A new analysis by the Centers for Disease Control and Prevention (CDC) documents the dangerous intersection of HIV and other sexually transmitted diseases (STDs) in many U.S. communities and finds a gap in health services that may be contributing to the spread of HIV infection in the United States. This analysis concludes that improved STD treatment is likely to have an impact on HIV prevention.
The analysis, presented by CDC researcher William Kassler, M.D., at the 12th World AIDS Conference, examines data from 1990 to 1997 to identify areas dually impacted by both the STD and HIV epidemics. In areas where rates of HIV and STD are highest, Kassler explores the availability of STD treatment services. The analysis illustrates the importance of eliminating barriers to obtaining high quality testing and treatment for STDs, especially for people with HIV and those at greatest risk for infection.
Because the presence of other STDs greatly increases the risk of sexual infection with HIV, CDC believes improved STD treatment could greatly slow the spread of the HIV epidemic. Improved STD treatment in Tanzania was shown to reduce HIV transmission by 40 percent. While the potential impact of such a program in the U.S. cannot be precisely quantified until implemented, the rates of STDs among certain groups at high risk for HIV suggests that the impact could be significant.
Kassler and colleagues found that the combined impact of HIV, syphilis, and gonorrhea is greatest in the Southern region of the U.S. In some Southern communities, 4 percent of young women 15 to 24 years of age were infected with gonorrhea, and the prevalence of chlamydia was almost 10 percent.
Rates of certain STDs in some young women in the U.S. mirror rates found in African women," commented Helene Gayle, M.D., M.P.H., Director of CDC's National Center for HIV, STD and TB Prevention. "Given the impact STD treatment has had in reducing HIV infection in Tanzania, we believe STD treatment may reduce the sexual spread of HIV in our own country." But CDC researchers find numerous barriers to effective STD treatment that must be overcome to truly impact the HIV epidemic. Kassler and colleagues find that STD services are often lacking for populations at high risk.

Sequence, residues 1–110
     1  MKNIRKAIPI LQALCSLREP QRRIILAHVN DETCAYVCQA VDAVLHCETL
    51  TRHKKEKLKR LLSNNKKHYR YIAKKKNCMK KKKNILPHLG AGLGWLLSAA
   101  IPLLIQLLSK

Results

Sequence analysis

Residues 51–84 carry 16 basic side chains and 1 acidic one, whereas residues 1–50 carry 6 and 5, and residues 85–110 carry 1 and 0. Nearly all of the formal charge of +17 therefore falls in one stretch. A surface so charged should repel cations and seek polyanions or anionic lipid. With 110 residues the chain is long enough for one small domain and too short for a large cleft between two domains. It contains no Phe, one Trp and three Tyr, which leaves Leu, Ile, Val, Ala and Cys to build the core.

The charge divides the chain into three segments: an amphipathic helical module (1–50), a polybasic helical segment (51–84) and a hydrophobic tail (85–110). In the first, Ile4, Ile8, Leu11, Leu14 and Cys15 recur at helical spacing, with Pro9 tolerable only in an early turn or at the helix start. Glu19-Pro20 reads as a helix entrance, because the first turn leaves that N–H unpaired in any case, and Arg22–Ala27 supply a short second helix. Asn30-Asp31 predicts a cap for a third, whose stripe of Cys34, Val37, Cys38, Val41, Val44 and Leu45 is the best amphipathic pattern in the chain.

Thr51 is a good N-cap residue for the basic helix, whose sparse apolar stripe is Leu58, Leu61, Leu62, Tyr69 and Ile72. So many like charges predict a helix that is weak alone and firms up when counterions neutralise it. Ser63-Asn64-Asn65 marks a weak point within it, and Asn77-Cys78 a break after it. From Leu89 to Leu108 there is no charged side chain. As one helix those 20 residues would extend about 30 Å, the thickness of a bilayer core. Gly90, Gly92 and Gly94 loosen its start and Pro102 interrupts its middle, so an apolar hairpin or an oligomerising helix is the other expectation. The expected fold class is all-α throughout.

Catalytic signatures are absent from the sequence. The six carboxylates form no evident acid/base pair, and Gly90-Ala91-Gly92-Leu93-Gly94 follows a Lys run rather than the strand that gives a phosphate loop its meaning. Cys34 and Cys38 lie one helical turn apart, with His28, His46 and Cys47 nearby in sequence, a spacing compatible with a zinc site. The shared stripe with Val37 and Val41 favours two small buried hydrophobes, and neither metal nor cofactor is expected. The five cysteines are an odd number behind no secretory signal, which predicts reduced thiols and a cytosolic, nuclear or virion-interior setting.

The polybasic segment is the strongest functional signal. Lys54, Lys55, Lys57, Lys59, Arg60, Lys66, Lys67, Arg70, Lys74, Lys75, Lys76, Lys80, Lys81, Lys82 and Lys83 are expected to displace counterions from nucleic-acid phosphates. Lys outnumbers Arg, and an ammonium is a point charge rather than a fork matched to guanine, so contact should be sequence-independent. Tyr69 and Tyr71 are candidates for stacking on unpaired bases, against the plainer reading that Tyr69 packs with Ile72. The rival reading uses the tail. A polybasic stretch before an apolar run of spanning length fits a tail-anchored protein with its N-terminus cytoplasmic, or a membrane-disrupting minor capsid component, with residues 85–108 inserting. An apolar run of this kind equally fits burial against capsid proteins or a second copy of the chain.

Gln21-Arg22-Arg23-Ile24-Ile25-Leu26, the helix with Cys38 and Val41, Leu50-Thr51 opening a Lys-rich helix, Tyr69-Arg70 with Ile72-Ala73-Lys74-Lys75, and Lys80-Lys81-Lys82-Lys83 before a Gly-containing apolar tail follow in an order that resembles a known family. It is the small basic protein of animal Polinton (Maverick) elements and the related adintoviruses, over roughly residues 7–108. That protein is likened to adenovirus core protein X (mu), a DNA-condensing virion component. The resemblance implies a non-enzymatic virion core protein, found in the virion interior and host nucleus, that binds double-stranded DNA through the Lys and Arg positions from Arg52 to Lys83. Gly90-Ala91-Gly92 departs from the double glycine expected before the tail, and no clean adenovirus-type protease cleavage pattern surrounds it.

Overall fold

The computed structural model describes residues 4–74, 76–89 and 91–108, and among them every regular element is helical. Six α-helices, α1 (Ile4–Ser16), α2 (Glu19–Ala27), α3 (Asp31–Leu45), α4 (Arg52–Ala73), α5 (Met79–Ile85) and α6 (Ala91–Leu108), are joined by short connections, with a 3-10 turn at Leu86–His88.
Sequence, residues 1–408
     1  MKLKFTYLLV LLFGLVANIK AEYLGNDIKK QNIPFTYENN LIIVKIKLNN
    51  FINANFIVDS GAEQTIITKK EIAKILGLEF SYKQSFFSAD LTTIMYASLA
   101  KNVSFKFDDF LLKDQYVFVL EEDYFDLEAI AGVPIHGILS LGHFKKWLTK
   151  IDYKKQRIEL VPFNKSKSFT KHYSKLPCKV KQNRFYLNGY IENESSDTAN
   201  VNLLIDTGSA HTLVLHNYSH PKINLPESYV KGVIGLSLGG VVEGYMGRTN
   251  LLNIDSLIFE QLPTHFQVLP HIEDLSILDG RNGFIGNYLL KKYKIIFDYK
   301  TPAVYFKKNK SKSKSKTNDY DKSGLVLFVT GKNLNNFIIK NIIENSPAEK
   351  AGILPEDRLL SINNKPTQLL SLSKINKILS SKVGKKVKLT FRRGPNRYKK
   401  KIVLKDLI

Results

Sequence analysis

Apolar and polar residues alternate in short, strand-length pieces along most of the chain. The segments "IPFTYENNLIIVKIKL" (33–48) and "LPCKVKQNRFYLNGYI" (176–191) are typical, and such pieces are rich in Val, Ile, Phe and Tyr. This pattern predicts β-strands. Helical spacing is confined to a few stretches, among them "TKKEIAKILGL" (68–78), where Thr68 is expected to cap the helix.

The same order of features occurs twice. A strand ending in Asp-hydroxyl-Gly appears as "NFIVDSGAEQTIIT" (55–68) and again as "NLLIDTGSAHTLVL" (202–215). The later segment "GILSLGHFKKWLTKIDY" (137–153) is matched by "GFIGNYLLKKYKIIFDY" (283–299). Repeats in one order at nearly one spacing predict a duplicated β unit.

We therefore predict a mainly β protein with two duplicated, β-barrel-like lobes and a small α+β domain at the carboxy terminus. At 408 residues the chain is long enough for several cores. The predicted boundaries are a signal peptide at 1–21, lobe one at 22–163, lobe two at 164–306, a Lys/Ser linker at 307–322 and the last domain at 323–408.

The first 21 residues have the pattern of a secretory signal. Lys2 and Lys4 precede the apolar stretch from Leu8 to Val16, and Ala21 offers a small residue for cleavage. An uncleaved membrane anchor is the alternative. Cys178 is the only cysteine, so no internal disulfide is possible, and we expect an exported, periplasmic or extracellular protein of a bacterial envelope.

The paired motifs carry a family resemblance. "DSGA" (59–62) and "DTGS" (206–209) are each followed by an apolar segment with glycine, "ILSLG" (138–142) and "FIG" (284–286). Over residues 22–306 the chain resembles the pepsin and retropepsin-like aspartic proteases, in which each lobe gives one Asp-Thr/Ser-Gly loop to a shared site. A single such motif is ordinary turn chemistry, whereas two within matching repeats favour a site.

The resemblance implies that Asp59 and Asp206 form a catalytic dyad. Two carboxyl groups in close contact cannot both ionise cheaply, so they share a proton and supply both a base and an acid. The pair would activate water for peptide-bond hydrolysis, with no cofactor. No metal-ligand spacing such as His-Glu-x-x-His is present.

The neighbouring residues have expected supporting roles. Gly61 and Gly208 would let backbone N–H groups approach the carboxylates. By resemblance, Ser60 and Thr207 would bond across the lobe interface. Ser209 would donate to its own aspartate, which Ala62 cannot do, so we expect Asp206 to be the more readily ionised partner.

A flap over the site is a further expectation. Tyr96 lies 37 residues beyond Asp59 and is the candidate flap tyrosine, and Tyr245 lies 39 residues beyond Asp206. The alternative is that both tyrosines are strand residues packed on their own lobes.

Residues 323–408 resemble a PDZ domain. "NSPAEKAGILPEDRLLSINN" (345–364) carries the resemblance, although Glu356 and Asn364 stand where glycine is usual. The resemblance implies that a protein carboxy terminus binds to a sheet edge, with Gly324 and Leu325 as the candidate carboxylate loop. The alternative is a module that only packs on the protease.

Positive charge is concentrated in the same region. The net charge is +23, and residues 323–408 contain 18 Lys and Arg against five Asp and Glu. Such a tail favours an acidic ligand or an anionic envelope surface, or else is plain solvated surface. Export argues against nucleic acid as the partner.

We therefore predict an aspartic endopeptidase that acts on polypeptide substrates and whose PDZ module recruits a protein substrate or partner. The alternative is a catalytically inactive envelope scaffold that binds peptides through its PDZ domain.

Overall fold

A review of national STD services finds that only 50 percent of local health departments provide any STD treatment services at all, and many lack evening or weekend services. Ninety percent of clinics in areas with high STD rates have to turn clients away due to limited resources.
Too many people at risk for STDs are being turned away from needed services and care," said Kassler. "The tragedy is that we have the tools to treat, cure and suppress most common STDs, but many cannot or do not access them."
In addition to extending public services, CDC points to the need for private health care providers to play a greater role. "While more than half of people treated for STDs seek care from private providers, private providers are much less likely to take sexual histories and screen young women for common STDs," stressed Kassler.
CDC is working to expand public and private sector partnerships to combat the STD epidemic. By identifying the areas where STD treatment can have the greatest impact on reducing the toll of STDs and HIV infection among women, the agency hopes to jumpstart efforts in these communities. "CDC is committed to improving programs to reach individuals at highest risk for STDs and HIV," said Gayle, "But the public sector cannot combat these epidemics alone. Every citizen, health care and public health providers, community leaders, and educators all have a role to play."